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story.lead_photo.caption Travis McCready of the band Bishop Gunn performs, Thursday, May 14, 2020 during a press conference at the TempleLive concert venue in Fort Smith. The Arkansas Department of Health issued a cease and desist order on a planned concert, what would have been one of the first in the nation to start up again. Travis McCready of the band Bishop Gunn was scheduled to perform at the venue. Check out for today's photo gallery. (NWA Democrat-Gazette/Charlie Kaijo)

This month alone, Kevin Mazur should have been in San Diego photographing opening night of The Rolling Stones' tour; in Seattle to shoot the kickoff of Justin Bieber's summer tour; in Napa Valley covering the BottleRock music and wine festival; and in his home town of New York City to capture what is, in his opinion, the biggest event in the country -- the Met Gala.

Tonight, May 18, the in-demand celebrity photographer and co-founder of WireImages finds himself in Fort Smith, Ark., to document what is likely the first indoor concert to take place since gatherings of more than 10 were banned in the U.S. to stem the spread of covid-19.

"I've shot some of the most historic concerts," Mazur asserts. "I was there for Live Aid in Philadelphia; I was at the Freddie Mercury [tribute concert] in England; I was the photographer for the 9/11 concert in New York. I do all the big, historical events. To me, this is equal to that.

"All eyes in the music industry and the entertainment industry are on this show right now. Live Nation, AEG, everybody wants to see them succeed because this is going to be the start of getting our industry back."

Following months of cancellations and postponements, livestreams and virtual performances, blues rocker and Bishop Gunn frontman Travis McCready fronts an evening much bigger than the intimate solo acoustic show he thought he was slated at TempleLive in Fort Smith.

The show has been enveloped in controversy since it was announced on April 23. The original performance date was to be Friday, May 15. Organizers assured a safe experience for audience and performers under detailed covid-19 operating protocol. But when Arkansas Gov. Asa Hutchinson announced plans for the limited reopenings of indoor venues like theaters, arenas and lecture halls, the proposed date of May 18 came three days after the McCready concert.

Venue and concert organizers' unwillingness to back down -- confident their safety precautions would be enough defense from viral spread -- instigated a back-and-forth between TempleLive and the governor's office that drew national, and even international, attention. The show, of course, was eventually required to move to the state's designated date, but even at three days later than hoped for, the concert is still one of, if not the very first, concert to take place in a large, indoor venue.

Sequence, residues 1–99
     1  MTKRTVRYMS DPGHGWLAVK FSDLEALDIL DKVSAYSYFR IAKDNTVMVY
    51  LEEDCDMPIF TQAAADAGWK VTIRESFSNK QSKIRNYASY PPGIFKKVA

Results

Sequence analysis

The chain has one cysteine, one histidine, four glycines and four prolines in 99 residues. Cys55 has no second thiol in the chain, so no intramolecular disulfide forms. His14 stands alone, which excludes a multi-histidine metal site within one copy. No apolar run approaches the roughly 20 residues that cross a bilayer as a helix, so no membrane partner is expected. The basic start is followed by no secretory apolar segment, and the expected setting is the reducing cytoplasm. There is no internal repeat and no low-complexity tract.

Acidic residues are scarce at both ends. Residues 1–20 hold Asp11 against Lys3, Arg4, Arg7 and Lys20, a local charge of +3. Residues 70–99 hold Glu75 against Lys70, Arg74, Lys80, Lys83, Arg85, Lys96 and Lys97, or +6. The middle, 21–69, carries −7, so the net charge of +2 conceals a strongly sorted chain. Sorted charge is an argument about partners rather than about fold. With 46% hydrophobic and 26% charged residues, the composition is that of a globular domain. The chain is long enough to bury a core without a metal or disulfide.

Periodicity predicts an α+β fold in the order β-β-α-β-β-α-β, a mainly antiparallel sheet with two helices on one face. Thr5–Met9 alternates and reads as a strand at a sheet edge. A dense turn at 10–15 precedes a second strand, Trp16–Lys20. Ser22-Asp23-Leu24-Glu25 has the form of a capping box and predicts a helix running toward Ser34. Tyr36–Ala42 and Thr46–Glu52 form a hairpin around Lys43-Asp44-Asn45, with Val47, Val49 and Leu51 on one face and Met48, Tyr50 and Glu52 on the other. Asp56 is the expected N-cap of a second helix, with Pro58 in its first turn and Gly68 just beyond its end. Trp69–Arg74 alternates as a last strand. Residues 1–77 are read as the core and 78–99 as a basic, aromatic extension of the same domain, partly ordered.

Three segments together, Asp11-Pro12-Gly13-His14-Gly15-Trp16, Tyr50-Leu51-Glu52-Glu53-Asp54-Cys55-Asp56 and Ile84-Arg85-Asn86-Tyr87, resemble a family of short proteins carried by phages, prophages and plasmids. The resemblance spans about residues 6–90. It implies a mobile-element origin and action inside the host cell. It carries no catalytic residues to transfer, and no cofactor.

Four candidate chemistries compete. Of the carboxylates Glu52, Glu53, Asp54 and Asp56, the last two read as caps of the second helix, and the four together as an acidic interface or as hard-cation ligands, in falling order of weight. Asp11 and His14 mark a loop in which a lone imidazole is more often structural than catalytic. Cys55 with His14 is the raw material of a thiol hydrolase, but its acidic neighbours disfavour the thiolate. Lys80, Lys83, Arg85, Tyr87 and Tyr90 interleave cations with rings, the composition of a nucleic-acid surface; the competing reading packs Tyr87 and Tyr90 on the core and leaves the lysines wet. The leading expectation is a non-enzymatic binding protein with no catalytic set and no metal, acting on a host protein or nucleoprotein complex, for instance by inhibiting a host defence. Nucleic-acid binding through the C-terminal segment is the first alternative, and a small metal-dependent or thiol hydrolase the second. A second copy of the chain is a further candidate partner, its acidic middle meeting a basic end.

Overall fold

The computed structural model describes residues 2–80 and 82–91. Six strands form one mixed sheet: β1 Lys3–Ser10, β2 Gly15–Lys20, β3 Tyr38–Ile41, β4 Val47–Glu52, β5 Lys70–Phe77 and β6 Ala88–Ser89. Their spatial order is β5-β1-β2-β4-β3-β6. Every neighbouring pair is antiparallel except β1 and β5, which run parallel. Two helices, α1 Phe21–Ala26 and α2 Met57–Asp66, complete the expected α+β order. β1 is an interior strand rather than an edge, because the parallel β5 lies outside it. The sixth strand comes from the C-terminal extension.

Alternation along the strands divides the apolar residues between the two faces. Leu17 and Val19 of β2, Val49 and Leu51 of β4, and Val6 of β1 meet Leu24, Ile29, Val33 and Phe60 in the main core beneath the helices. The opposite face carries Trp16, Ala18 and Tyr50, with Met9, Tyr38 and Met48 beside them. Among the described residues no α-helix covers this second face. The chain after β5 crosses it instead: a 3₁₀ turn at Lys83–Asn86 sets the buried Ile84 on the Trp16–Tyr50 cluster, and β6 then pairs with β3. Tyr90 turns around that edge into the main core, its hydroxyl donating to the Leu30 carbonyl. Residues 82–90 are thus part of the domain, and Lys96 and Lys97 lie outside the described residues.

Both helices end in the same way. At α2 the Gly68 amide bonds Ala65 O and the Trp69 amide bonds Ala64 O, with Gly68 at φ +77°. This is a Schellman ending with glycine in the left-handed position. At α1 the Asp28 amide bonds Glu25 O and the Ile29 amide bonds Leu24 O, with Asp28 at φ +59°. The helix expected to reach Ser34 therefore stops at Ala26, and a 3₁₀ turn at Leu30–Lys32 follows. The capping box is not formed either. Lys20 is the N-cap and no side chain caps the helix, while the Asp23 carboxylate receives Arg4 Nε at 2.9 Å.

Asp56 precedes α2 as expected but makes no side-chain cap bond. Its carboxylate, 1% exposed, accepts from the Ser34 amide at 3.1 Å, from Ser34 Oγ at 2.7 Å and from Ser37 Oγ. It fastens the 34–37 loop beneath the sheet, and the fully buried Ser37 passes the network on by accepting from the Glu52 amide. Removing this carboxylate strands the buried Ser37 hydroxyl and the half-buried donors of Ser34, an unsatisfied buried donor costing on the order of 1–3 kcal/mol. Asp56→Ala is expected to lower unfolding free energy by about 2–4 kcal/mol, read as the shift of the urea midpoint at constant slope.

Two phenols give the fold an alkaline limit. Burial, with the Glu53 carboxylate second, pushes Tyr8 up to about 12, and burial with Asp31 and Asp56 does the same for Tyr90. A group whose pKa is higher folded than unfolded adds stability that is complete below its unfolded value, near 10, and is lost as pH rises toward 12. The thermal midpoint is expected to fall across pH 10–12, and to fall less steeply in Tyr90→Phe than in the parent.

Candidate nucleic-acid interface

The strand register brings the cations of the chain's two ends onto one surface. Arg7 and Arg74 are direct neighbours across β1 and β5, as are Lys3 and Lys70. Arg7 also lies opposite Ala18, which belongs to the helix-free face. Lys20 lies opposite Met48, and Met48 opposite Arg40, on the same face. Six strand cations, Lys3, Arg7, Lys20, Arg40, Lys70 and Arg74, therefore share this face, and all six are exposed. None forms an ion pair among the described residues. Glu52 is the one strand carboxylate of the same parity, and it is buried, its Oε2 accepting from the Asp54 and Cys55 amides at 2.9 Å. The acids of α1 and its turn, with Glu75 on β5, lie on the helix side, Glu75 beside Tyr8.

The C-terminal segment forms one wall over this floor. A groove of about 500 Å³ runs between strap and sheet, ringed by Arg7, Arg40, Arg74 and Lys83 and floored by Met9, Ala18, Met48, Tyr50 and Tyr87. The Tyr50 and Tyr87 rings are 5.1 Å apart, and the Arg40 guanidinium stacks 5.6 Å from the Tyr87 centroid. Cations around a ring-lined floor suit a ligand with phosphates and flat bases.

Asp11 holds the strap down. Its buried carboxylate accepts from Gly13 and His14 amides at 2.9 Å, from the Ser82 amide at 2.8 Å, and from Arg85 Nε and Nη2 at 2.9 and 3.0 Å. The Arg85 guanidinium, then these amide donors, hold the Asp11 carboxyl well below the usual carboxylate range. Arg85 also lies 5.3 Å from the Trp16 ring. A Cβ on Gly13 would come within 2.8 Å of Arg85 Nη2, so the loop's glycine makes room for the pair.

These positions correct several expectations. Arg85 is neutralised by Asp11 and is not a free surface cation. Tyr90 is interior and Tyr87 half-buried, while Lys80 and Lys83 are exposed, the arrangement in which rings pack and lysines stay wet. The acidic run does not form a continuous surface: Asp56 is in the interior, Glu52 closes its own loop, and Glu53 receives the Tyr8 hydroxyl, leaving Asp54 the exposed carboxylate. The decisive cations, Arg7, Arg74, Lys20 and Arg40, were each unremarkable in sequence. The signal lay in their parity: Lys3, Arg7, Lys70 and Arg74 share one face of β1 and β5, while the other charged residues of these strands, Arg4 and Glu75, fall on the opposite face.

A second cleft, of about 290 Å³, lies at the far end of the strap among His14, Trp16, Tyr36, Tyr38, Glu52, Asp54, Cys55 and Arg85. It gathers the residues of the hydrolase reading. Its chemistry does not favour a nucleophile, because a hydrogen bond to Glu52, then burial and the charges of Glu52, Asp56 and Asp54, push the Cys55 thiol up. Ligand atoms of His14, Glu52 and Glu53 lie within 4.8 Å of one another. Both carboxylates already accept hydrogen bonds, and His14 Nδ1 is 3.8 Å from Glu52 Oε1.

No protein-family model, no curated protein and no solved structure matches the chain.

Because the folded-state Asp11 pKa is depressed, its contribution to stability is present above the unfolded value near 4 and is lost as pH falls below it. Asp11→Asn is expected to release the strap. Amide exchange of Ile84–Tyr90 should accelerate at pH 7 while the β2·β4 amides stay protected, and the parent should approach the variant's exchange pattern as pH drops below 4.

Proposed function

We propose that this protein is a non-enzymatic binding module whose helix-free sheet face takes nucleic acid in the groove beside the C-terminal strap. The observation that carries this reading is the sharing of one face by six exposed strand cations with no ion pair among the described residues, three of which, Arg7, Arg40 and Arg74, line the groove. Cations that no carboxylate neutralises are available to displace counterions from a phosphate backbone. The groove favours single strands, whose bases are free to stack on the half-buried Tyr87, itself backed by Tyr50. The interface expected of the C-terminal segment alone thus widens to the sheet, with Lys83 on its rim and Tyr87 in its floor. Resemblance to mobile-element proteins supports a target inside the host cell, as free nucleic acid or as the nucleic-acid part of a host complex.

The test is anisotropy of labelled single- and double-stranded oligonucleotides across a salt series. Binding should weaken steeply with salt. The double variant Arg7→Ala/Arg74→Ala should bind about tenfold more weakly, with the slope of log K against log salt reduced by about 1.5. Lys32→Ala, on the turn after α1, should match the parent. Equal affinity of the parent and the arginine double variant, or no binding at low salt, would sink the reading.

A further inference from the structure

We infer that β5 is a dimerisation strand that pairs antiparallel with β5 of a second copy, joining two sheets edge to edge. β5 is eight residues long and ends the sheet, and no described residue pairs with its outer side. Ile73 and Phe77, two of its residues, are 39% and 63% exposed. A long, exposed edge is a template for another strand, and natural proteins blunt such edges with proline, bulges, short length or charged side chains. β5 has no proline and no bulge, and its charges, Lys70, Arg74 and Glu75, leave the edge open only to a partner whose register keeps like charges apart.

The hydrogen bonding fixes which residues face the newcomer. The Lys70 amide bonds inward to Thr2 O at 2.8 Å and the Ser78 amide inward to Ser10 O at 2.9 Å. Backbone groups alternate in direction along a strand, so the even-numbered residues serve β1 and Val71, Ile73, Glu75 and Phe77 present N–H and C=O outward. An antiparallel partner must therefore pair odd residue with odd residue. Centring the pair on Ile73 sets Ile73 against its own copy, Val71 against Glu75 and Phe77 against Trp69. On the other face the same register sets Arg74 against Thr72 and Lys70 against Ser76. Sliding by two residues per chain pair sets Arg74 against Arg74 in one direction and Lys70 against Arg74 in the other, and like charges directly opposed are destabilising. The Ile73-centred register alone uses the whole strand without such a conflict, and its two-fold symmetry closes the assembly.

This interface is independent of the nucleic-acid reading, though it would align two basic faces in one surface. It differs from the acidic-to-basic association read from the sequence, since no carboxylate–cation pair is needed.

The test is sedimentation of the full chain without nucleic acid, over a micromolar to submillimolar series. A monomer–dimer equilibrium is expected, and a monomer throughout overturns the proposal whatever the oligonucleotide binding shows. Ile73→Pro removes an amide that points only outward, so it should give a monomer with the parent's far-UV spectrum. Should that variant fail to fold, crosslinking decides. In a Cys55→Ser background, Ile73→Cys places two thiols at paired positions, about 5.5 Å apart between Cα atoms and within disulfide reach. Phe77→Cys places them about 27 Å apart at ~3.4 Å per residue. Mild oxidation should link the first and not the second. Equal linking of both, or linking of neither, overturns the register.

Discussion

"It was as soon as it hit the media, I saw this and I just had to be part of it, to help get everything back on track," Mazur says of the show. "I love live music. It's the heart and soul of our country. Everybody wants to go to live music and go out and enjoy themselves, but you have to take precautions. So I'm looking at what they're doing here and I'm saying to myself, 'This is what they're going to be doing for all concert venues, until we get a vaccine and everybody can get back to normal.'"

"All concert venues" would include the Beacon Theatre in New York City where Mazur shot the very last concert before the shutdown.

"That was my last fix of live music, so I'm getting my first fix of live music. I need it. I live for it," says Mazur, who got his start as a photographer by sneaking his camera into rock concerts.

Among the precautions in place for tonight's performance, fewer than 250 people will be allowed in the house with a capacity of 1,100. The venue will be sanitized before and after the event. Six feet will separate seating groups of two to 13, and audience members will be required to wear masks. Mazur, who was a medical photographer at the height of the AIDS crisis, says he is impressed with the measures in place at TempleLive and is optimistic about the way forward for music.

"People need it," he says of the concert sparking a "new normal." "People have to have hope, and they're hoping to get on with their lives. So that's why it's so important. And that's why people want to get back into church. This is my church -- live music, this is my church. I need it. Music is good for the soul, especially live music. You feel it, you know?"

NAN What's Up on 05/19/2020

Print Headline: NYC photographer in Fort Smith to cover first post-covid indoor concert

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